Burke, Purpose, Rubric

Taking a break from work I have to finish, I grabbed Burke's Grammar of Motives off the shelf. I found this great paragraph from the chapter "Agency and Purpose" challenging notions of neutral instrumentalism (that our instruments measure without purpose or perspective, that they measure substance rather than create it). My next major project concerns increasing assessment and standardization, and I think I'll use this passage juxtaposed against the call for rubrics:

Though our laboratory instruments may transcend human purpose, they exist only as the result of human purpose. And we might even say that they perform satisfactorily without purpose only because they have purpose imbedded in their structure and design. An instrument like a thermometer has its purpose so thoroughly built into its very nature, that it can do its work without purpose, merely by continuing to be itself. (281)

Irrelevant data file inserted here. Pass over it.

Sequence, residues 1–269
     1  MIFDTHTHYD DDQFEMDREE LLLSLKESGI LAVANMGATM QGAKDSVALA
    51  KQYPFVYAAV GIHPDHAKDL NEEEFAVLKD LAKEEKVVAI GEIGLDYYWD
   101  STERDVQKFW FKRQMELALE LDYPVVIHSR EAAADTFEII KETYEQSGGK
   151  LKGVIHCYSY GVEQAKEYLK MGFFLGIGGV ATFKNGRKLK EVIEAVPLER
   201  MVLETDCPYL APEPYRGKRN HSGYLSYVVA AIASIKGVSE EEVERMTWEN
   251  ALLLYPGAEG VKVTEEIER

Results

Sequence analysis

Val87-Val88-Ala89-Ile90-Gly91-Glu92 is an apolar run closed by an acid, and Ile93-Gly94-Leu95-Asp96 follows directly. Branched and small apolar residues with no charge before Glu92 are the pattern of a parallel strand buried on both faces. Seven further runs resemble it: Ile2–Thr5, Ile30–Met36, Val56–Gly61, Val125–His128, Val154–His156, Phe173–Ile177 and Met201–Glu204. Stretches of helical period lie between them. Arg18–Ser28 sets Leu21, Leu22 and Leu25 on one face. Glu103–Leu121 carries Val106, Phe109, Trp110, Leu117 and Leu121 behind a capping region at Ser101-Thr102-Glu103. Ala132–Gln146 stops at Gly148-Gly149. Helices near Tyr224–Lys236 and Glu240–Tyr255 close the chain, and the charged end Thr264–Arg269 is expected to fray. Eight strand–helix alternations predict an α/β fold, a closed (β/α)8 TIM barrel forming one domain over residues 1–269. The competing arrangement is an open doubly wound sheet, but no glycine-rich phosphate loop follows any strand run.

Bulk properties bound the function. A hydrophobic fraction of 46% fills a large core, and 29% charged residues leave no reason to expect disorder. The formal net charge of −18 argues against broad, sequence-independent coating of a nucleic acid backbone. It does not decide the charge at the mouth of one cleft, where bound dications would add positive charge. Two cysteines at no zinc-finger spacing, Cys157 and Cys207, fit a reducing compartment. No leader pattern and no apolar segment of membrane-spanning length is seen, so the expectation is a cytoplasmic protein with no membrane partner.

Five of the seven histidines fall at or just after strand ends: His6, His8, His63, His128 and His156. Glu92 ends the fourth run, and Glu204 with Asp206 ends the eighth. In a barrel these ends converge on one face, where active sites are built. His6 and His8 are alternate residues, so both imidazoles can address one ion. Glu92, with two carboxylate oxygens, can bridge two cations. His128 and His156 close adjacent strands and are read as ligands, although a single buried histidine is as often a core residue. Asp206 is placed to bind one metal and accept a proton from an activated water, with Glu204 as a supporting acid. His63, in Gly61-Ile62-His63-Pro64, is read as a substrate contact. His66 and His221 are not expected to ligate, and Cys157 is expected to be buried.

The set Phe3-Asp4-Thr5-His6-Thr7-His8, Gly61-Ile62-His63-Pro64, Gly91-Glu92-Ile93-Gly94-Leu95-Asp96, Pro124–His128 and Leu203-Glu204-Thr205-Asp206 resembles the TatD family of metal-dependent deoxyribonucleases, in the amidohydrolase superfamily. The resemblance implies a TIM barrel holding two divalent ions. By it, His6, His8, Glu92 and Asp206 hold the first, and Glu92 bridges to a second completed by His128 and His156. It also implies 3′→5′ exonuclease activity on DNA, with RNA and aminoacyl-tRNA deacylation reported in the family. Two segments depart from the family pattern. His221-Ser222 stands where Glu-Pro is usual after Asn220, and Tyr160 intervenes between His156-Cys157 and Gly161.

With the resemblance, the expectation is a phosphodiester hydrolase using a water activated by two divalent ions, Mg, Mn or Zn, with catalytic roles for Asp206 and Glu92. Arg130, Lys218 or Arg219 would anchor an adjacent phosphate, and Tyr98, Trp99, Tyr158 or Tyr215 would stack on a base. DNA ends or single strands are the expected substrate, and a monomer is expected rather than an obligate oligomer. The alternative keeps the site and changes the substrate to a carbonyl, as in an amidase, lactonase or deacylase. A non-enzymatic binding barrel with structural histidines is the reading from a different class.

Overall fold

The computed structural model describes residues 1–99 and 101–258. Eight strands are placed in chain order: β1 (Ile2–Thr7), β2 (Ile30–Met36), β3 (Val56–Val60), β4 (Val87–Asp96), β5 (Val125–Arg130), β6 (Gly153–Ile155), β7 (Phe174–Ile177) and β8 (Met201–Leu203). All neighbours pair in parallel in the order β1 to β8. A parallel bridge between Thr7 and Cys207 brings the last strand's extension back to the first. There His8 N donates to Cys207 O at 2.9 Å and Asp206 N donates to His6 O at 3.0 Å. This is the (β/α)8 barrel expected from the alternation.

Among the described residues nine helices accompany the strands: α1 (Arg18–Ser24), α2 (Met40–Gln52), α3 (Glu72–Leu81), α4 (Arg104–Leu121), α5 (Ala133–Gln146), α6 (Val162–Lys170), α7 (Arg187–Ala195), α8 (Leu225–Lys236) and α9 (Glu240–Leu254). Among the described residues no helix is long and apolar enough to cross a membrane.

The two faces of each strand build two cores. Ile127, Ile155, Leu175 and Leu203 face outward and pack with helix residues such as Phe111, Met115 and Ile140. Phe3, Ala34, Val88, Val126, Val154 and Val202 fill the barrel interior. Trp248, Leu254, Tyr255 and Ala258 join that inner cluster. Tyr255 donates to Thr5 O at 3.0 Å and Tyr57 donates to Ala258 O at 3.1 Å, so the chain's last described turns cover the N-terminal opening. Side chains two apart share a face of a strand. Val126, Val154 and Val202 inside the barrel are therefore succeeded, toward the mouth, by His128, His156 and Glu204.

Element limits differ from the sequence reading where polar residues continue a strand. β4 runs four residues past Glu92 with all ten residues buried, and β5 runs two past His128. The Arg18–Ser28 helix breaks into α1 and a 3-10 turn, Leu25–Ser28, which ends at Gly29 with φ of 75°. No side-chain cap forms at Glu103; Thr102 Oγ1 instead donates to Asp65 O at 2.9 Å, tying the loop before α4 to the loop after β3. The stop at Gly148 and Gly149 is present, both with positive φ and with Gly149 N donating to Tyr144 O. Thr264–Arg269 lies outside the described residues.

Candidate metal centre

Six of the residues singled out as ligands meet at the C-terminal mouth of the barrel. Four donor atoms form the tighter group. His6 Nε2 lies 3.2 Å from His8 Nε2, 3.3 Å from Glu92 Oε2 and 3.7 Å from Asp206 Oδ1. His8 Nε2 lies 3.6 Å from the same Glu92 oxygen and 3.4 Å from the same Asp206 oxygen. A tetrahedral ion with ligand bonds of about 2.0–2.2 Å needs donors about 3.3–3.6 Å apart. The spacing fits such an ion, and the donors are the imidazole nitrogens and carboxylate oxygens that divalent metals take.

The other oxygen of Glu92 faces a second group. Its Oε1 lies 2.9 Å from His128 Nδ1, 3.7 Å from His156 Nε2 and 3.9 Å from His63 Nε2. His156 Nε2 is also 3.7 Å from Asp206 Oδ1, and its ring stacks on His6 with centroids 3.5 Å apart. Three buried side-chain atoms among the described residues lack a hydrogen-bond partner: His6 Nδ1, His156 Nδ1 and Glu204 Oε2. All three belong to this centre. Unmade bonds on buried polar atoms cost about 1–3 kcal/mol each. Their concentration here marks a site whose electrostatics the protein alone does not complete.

Exerting purpose simply by being there, such that purpose (power, force) becomes invisible.

1 comment:

Banes Tribulation said...

"Exerting purpose simply by being there"

a fact hundreds of years ago....today, not so much, for humans or instruments...